Report looks at growing health threat from frack sand mining – Drilling – Ohio

BOSTON, MA.///September 25, 2014///Frac sand mining – the extraction of the fine-particle sand needed for hydraulic fracturing (“fracking”) of wells — is expanding rapidly in the United States and poses a little-understood threat to human health, the environment, and local economies, according to a major report issued today by the Civil Society Institute’s Boston Action Research (BAR) and released in cooperation with Environmental Working Group (EWG) and Midwest Environmental Advocates (MEA).

According to the new BAR report, “Communities At Risk: Frac Sand Mining in the Upper Midwest” available online at, a significant portion of frac sand mining in the U.S. is concentrated today in Wisconsin and Minnesota, which have a total of 164 active frac sand facilities, and another 20 that have been proposed. Wisconsin alone is on track to extract 50 million tons of frac sand a year – the equivalent of 9,000 semi-truck loads a day and enough to fill the nation’s second tallest building, the former Sear Towers in Chicago, 21 times a year.

Drilling companies are now finding that the use of more frac sand per well increases shale gas and oil yields. As a result, analysts estimate that fracking companies will require 95 billion pounds of frac sand this year, an increase of almost 30 percent from 2013 and 50 percent above initial forecasts. Given the explosive growth in fracking nationwide, extraction could spread to several other states with untapped or largely untapped frac sand deposits, including Illinois, Maine, Massachusetts, Michigan, Missouri, New York, North Carolina, South Carolina, Pennsylvania, Tennessee, Vermont and Virginia. (See the map here: For a detailed map-based look at the impact of frac sand mining, see the new EWG report at

Report coauthor Grant Smith, senior energy policy advisor, Civil Society Institute, said: “The rapid expansion in the United States of oil and shale gas drilling, including hydraulic fracturing, has a hidden side filled with problems: the mining of the special sand that is essential to fracking a drilled well. As this report makes clear, it is essential that local and state governments assess and take action based on the impacts of the full cycle of shale oil and gas drilling, including frac sand mining. Health, water, and other economic concerns should be addressed comprehensively, rather than being ignored or dismissed. Protecting public health and safety is the first responsibility of government.”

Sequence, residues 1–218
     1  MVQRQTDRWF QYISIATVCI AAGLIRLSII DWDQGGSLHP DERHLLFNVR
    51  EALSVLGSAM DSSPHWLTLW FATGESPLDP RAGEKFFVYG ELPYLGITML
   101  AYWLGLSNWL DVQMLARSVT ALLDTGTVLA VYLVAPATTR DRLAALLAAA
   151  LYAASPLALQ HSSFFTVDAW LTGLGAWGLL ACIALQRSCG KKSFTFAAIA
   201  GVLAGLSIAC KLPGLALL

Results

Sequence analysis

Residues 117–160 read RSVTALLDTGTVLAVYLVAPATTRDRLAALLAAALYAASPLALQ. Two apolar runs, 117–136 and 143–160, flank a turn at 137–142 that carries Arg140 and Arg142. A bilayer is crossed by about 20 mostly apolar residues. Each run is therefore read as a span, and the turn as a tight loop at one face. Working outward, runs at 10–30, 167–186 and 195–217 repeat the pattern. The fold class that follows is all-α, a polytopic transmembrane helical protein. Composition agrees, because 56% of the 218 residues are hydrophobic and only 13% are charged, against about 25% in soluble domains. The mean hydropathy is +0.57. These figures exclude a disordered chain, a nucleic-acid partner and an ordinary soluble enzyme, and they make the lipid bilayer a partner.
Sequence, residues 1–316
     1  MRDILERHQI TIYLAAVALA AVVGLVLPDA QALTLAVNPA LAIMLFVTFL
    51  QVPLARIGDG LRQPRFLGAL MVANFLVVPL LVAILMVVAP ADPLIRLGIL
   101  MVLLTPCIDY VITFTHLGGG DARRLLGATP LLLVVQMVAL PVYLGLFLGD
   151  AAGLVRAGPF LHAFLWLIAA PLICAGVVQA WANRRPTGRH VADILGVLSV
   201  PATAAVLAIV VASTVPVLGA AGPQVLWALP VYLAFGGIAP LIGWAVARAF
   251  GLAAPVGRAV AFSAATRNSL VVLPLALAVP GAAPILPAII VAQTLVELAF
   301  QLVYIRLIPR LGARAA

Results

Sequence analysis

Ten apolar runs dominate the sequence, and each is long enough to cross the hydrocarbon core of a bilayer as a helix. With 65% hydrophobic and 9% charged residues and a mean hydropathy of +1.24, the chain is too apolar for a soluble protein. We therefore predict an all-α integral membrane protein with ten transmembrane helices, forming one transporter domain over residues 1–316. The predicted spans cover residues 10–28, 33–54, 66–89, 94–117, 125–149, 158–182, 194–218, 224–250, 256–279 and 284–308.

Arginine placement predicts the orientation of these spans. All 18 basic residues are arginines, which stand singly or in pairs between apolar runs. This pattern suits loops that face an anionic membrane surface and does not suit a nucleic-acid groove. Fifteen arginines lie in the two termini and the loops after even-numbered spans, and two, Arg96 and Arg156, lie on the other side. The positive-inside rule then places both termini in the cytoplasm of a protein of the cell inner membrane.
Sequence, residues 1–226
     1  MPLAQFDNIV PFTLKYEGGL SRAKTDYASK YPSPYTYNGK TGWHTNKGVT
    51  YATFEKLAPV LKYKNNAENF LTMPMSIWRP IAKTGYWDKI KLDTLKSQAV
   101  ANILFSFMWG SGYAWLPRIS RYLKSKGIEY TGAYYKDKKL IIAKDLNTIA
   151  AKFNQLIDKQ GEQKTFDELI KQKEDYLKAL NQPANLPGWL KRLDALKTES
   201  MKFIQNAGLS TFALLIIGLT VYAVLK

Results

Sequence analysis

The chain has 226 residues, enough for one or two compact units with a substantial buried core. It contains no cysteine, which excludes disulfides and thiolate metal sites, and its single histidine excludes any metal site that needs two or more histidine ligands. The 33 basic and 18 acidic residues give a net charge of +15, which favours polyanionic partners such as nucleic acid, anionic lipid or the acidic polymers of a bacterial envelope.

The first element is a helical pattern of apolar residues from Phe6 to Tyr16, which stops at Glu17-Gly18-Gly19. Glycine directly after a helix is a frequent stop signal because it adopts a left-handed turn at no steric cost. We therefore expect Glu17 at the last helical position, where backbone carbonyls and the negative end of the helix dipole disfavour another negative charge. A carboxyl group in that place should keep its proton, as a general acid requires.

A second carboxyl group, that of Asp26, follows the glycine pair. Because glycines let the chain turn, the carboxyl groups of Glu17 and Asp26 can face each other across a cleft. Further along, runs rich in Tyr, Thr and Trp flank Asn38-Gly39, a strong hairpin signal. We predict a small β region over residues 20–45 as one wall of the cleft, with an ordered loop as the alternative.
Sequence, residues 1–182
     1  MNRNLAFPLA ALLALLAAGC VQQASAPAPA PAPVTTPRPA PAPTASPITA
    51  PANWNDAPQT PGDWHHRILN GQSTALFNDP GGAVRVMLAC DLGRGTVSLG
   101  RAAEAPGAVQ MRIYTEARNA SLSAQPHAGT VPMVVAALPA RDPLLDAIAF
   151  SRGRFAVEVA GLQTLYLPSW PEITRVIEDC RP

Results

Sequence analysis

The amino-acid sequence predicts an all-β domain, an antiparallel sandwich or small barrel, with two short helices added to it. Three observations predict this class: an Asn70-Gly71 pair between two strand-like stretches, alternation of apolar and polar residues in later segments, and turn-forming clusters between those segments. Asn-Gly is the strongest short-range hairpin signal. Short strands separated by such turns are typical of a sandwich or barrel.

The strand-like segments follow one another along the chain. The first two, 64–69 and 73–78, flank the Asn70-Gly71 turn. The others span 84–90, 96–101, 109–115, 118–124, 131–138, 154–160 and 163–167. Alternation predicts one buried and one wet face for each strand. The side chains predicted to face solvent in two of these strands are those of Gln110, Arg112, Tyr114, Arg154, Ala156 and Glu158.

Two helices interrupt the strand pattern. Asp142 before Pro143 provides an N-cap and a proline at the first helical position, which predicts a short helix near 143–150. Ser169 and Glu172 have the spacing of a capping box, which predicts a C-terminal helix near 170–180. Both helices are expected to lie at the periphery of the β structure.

EWG Executive Director Heather White said: “None of the states at the center of the current frac sand mining boom have adopted air quality standards for silica that will adequately protect the tens of thousands of people living or working near the scores of recently opened or proposed mining sites. EWG’s mapping research found frac sand sites in close proximity to schools, hospitals and clinics, where children and patients may be exposed to airborne silica. Chronic exposure can lead to emphysema and lung disease. We need strong state action to protect the public health from yet another troubling side effect of the unprecedented wave of shale gas development.”

MEA Executive Director Kimberlee Wright said: “Citizens living near frac sand mining in Wisconsin are witnessing a massive destruction of their rural landscape. Elected officials and our states’ natural resources protection agency have largely dismissed local citizens’ concerns about their health, the health of their environment and their quality of life. Without a clearer view of the big picture of frac sand mining’s impact, laws that protect our communities’ air and water aren’t being developed or enforced.”

Key concerns about frac sand mining outlined in the report include the following:

via Report looks at growing health threat from frack sand mining – Drilling – Ohio.